Thoughts on Flying Less
I feel like I know many people from my own demographic of university-educated, middle-income, working-class millennials, who would consider themselves as holding socially progressive beliefs and values, and who would likely claim that climate change is a major issue that needs to be addressed as soon as possible.
But what I often find disheartening is that many of these same individuals seem (for the most part) disinterested or unwilling to make lifestyle changes which might help A) reduce their own footprint and/or B) signal to others that there’s a need to urgently address this issue.
Air travel is an obvious example that comes to mind. With most people seemingly content to ignore the ongoing pandemic and transmission risks, I am noticing many more friends and acquaintances traveling all over the world again, despite what we know about the massive carbon footprint associated with flying.
I recognize that some air travel is still necessary (i.e., family deaths, emergencies, and to enable the migration of refugees), but seeing so many people I know — who would likely agree that climate change is a serious problem — taking multiple flights for vacations, at least once (or more) per year is disappointing given current circumstances.
It’s as if people are content to remain ignorant to the fact that their behaviour has consequences for those who are already most marginalized or over-exploited around the world, where climate change is already having a serious, tangible impact to their daily lives. Climate change is already the reality for many people around the planet, and not everyone can just move or leave when things get worse.
There seems to be a collective unwillingness to make the sacrifices required at this moment in our history. What’s even more frustrating is that many of these so-called sacrifices hardly impact our basic needs. They are just luxuries that we have grown accustomed to — such as flying.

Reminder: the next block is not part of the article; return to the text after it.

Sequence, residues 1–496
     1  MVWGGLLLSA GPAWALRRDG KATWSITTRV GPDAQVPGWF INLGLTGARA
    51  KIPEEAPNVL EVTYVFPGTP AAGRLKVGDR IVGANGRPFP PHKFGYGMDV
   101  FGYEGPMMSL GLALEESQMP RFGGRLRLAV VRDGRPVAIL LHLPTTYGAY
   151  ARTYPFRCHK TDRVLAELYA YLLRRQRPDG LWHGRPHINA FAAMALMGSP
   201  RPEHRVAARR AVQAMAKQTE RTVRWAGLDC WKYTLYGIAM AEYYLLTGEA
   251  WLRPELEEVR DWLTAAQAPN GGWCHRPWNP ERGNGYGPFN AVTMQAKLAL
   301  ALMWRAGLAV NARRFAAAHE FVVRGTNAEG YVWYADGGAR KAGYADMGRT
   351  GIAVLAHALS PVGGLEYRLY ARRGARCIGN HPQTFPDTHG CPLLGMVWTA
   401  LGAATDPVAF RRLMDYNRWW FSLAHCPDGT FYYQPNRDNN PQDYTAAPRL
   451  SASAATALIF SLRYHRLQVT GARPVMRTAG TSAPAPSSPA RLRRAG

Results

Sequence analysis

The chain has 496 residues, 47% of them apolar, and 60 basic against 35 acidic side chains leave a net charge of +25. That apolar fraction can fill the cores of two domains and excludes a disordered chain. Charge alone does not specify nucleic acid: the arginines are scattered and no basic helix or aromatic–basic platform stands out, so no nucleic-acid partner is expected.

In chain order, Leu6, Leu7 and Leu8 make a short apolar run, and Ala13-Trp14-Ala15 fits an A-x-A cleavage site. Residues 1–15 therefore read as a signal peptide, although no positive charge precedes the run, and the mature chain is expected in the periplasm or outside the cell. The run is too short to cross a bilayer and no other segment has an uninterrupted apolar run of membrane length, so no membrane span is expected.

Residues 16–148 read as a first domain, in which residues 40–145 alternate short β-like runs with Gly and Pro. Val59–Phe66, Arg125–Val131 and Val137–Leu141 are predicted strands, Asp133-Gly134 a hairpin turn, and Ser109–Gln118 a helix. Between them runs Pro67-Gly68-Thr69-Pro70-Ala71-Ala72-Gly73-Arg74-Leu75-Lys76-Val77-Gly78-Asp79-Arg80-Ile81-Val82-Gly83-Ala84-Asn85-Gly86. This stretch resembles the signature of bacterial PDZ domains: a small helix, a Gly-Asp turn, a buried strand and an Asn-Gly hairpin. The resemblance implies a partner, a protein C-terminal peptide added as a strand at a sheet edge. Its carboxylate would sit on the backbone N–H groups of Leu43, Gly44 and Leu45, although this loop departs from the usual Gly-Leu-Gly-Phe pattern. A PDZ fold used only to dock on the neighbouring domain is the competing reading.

This criticism of mine isn’t meant to target any specific individuals I know (or even those I don’t know), because a large part of the problem is systemic. We don’t have many affordable or realistic alternatives to air travel — especially in North America.
Despite the systemic issues, flying less is one effective way to significantly reduce our individual carbon footprint. Another method that helps I learned from Dr. Brett Favaro’s The Carbon Code, which says that if you’re going to fly, try and fit as many purposes into a single trip as possible. This helps to get maximum use-value out of the emissions produced from your flights.
For example, in August I’m flying to Victoria, BC for a cousin’s wedding. We are flying because of time constraints that restrict our ability to drive. But while we are there, my wife and I are taking some vacation days for a brief honeymoon, and then visiting my wife’s sister and some of our friends in the area as well — three trips for the (carbon) price of one.
Obviously, I wish we could do the trip by car, but (like many working-class people) we aren’t given enough vacation time to make it possible. If people had more vacation time available to them, maybe they would feel less inclined to take the faster or more convenient option (flying) and opt for alternative means of travel.
Using shameplane.com, I calculated that my round-trip flight to Victoria will contribute towards melting 0.9m² of Arctic sea ice. That’s just from one person, taking two short flights. It scares me to think about the cumulative impact of all other flights combined in a given day, week, month, year etc. Our choices have a real impact.
Anyways, the core of what I’m getting at is that we don’t have many alternative modes of transportation available to us for long distance travel (especially in North America), and we don’t have enough free time to allow us to travel slowly even if it were a realistic option. But we can make better choices.
We have normalized the luxury of flying around the world despite the consequences it has for those most vulnerable to climate change. We might not be able to end all air travel by ourselves, but by recognizing the power of our own actions we can reduce the harm to others by choosing to fly less or not fly at all. It’s similar to wearing a mask to prevent the spread of covid-19.
Flying is quick, convenient, and relatively inexpensive (at least right now — thanks to the pandemic), but that convenience comes with an environmental cost, and I wish that more people were willing to consider flying less as a form of class solidarity with those people most harmed by the climate crisis. We all have that power.